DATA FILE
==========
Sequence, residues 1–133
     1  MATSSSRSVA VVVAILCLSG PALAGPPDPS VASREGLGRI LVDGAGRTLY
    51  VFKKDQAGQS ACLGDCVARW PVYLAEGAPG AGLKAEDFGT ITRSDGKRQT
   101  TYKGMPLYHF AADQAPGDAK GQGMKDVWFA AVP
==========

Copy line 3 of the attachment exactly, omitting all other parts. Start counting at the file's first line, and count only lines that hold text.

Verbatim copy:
    51  VFKKDQAGQS ACLGDCVARW PVYLAEGAPG AGLKAEDFGT ITRSDGKRQT